Copd 2006


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Copd 2006

  1. 1. COPD 2006 Mark Cucuzzella MD LtCol USAFR Associate Professor Family Medicine West Virginia Rural Family Medicine Program
  2. 2. Close to the Beltway but a World Apart
  3. 4. Wayne McLaren…Former Marlboro Man Age 30…a robust young man Age 51…riding into the sunset
  4. 5. US Leading Causes of Death 2001
  5. 6. % Change in Age Adjusted Death Rate US 1965-1998…gotta die of something
  6. 7. Other Sad Facts <ul><li>Direct Cost 2002- 18 Billion </li></ul><ul><li>Indirect Costs- 14 Billion </li></ul><ul><li>In US 47 million still smoke </li></ul><ul><ul><li>28% males </li></ul></ul><ul><ul><li>23% females </li></ul></ul><ul><li>WHO: 1 billion smokers worldwide…to increase to 1.6 billion 2025. Increasing in lower income areas </li></ul>
  7. 8. Objectives of COPD Management <ul><li>Prevent Progression </li></ul><ul><li>Relieve symptoms </li></ul><ul><li>Improve exercise tolerance and general health status </li></ul><ul><li>Prevent and treat exacerbations and complications </li></ul><ul><li>Minimize treatment side effects </li></ul>
  8. 9. Pathophysiology Simplified Bad Genes Breathe Noxious Crap COPD
  9. 10. The Real Story
  10. 12. THE Guideline <ul><li>Global Initiative for Chronic Obstructive Lung Disease (GOLD), World Health Organization (WHO), National Heart, Lung and Blood Institute (NHLBI) </li></ul>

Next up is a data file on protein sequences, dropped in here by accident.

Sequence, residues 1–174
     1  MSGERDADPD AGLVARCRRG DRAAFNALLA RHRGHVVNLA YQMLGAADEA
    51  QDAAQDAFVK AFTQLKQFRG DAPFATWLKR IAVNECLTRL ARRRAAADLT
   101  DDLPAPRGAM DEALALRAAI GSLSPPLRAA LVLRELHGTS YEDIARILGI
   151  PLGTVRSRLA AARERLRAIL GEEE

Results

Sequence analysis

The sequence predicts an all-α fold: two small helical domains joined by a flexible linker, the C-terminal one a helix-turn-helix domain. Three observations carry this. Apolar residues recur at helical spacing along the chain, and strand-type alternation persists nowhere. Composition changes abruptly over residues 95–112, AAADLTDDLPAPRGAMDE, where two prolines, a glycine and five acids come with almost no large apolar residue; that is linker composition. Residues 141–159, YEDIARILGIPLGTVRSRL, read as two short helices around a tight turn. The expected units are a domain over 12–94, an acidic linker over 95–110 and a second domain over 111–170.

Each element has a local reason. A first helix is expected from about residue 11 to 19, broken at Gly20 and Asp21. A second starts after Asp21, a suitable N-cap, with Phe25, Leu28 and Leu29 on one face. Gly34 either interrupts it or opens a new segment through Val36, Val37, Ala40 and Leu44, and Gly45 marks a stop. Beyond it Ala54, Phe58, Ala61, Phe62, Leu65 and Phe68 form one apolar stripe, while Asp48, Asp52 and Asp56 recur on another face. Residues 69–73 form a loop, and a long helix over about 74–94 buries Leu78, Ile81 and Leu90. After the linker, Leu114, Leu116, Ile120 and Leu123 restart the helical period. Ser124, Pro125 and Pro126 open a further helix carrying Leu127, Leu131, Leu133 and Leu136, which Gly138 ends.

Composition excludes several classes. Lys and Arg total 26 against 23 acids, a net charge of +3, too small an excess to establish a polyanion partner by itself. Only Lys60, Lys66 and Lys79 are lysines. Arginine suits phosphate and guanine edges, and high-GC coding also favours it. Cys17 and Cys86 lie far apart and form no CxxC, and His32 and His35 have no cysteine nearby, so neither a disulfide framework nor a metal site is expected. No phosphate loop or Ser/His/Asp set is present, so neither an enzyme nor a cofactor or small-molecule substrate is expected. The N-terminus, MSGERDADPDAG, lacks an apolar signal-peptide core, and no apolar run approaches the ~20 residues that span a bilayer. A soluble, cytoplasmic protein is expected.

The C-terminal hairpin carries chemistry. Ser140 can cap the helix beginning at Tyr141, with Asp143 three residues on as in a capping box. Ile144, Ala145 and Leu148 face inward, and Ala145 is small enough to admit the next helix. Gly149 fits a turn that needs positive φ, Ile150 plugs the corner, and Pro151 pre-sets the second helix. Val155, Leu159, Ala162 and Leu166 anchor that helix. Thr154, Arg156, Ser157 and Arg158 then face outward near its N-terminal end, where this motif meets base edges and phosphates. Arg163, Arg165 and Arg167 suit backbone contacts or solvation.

11. 13. 4 Keys to Management <ul><li>Assess and Monitor Disease </li></ul><ul><li>Reduce Risk Factors </li></ul><ul><li>Manage Stable COPD </li></ul><ul><ul><li>Education </li></ul></ul><ul><ul><li>Med management </li></ul></ul><ul><ul><li>Non med management </li></ul></ul><ul><li>Treat exacerbations </li></ul>
  12. 14. Assess and Monitor Disease Classification of COPD <ul><li>Stage 0 At Risk </li></ul><ul><li>Stage I Mild COPD </li></ul><ul><li>Stage II Moderate COPD </li></ul><ul><li>Stage III Severe COPD </li></ul><ul><li>Stage IV Very Severe COPD </li></ul>
  13. 15. Stage 0 At Risk <ul><li>Normal spirometry </li></ul><ul><li>Chronic symptoms (cough, sputum, production) </li></ul>
  14. 16. Stage I Mild COPD <ul><li>FEV1/FVC <70% </li></ul><ul><li>FEV1 > 80% predicted </li></ul><ul><li>With or without chronic symptoms (cough, sputum production) </li></ul>